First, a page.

In his decade-plus at Pixar, Ted Mathot has ascended the creative ladder at the animation studio. He started as a story artist on The Incredibles, then spent years creating storyboards for films such as Cars and Brave, and came full circle with his promotion to story supervisor on Incredibles 2. In that role, he supervised a team of board artists who worked out sequences in the film and served as the conduit for director Brad Bird's vision.
Mathot is also the director of Auntie Edna, a short film featured as an Incredibles 2 digital and Blu-ray exclusive.
After wrapping Incredibles 2 as well as the short and taking a much-needed break, Mathot returned to the fray. He spoke with SYFY WIRE about his proudest moments landing both projects, what scene in the sequel was drafted a decade ago, and just what the heck a "Yeti's Cave" means to Pixar animators.
The Incredibles was a film everyone expected to have an immediate sequel, but it took over a decade. Did you ever think "It's just not going to happen"?
I had a feeling we were going to make it. When we finished Ratatouille (2007), [Brad and] I actually dabbled in the early scenes of [Incredibles 2] with The Underminer. I did about six versions of that opening. And what's great is that when he left to do live action and came back, we were getting into the movie, and I said, "Hey Brad, remember almost 10 years ago, I boarded a bunch of versions of The Underminer fight?" "He's like, "Oh yeah. Do you still have that stuff?"
We brought it up, and I pitched it to him, and some of it ended up in the movie.
Did you immediately recognize how your tastes had evolved when you came back together for the sequel?
Oh yeah, absolutely.
I love this new Brad. He's still the same intense and passionate director that he's always been. But on this film, one of the things that he was more open to was ideas that are a little weirder and more out of the box than we normally had.
On the first film, you'd have a weird idea, and he'd go, "That's too weird." Whereas on this one he would say, "Wow, that's really weird. Let's lean into it. Let's push it and see how far we can take it."
What's the best example of that?
When Bob's on the phone with Helen, and she's at the hotel, and she's asking him how's it going. Violet comes down [the stairs in their house] and gets ice cream. There was a glitch in the render where only Violet's clothes were coming down. The animator then thought it would be a brilliant idea if she was invisible when she came down because she was crying and didn't want Dad to see her, or even worse, Dash.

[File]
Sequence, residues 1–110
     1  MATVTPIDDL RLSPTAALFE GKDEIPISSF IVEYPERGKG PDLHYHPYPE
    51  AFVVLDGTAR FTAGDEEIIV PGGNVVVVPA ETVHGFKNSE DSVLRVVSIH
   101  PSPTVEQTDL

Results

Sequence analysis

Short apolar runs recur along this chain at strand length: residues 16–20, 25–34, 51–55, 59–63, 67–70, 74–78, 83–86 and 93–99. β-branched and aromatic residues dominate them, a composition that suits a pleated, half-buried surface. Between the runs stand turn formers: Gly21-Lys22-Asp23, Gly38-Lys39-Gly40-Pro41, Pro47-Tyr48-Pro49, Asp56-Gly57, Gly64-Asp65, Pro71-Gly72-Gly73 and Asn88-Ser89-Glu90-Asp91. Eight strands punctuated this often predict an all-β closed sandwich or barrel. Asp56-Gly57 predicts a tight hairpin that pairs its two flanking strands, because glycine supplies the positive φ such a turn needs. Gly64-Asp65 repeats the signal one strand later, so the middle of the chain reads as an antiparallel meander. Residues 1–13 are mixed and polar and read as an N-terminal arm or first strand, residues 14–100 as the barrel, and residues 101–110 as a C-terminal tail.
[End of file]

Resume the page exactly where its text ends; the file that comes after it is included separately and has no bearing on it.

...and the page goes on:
They showed it [to us], and there was just a glorious laughter. It stayed in the film. So, that was kind of a happy accident. But there were other times when me, or somebody on the story team, would pitch a really bizarre idea and Brad would move towards it.
What was your weirdest pitch?
Probably having a guy that barfs lava [Reflux]. That's just like, what?
But Brad's like, "Let's make him an old man." And it just went from there because when have you ever seen that?
Superhero films have become ubiquitous since The Incredibles. Because of that, were there tropes of the genre that you and Brad said, "Story-wise, we're not doing this because we've seen it."
Yeah, three-point landings. Banned, banned from day one. We had to remember that whenever we're drawing scenes of characters landing on things because it's been done to death.
It's almost a gut instinct to not do those cliches that you see so often. But I think more often than not, it's doing the things that are right for our characters, more so than not doing what someone else is doing.
Why do you think Brad Bird's action films stand out in the cinematic crowd?
Certain superhero movies have been trending into really dark territory. What I love about working with Brad is that I think his film are so successful because there is comedy and there is drama and peril in equal measure.
He always says that people see animation as the "safe place," where characters aren't going to get hurt. Everything is going to turn out fine. And he doesn't want audiences to feel that way when they go into one of his movies. He wants there to be true danger.
From a story perspective, was there a sequence in Incredibles 2 where you leaned into the fact you are an animated film and took advantage of that while creating action scenes?
Yeah. I mean that's always on the forefront of your mind. If we're doing animation, let's take advantage of the medium. But we never used that as a reason to do whatever we want just because we can.
Brad very much likes to keep things grounded and realistic, even though we're in a hyper-realist world and environment. Obviously, the bike chase where Elastigirl is chasing down the train, that's built for animation. Some of the things she does, you could only do it in animation. But at the same time, it's keeping it grounded and still feeling real and physical and dangerous.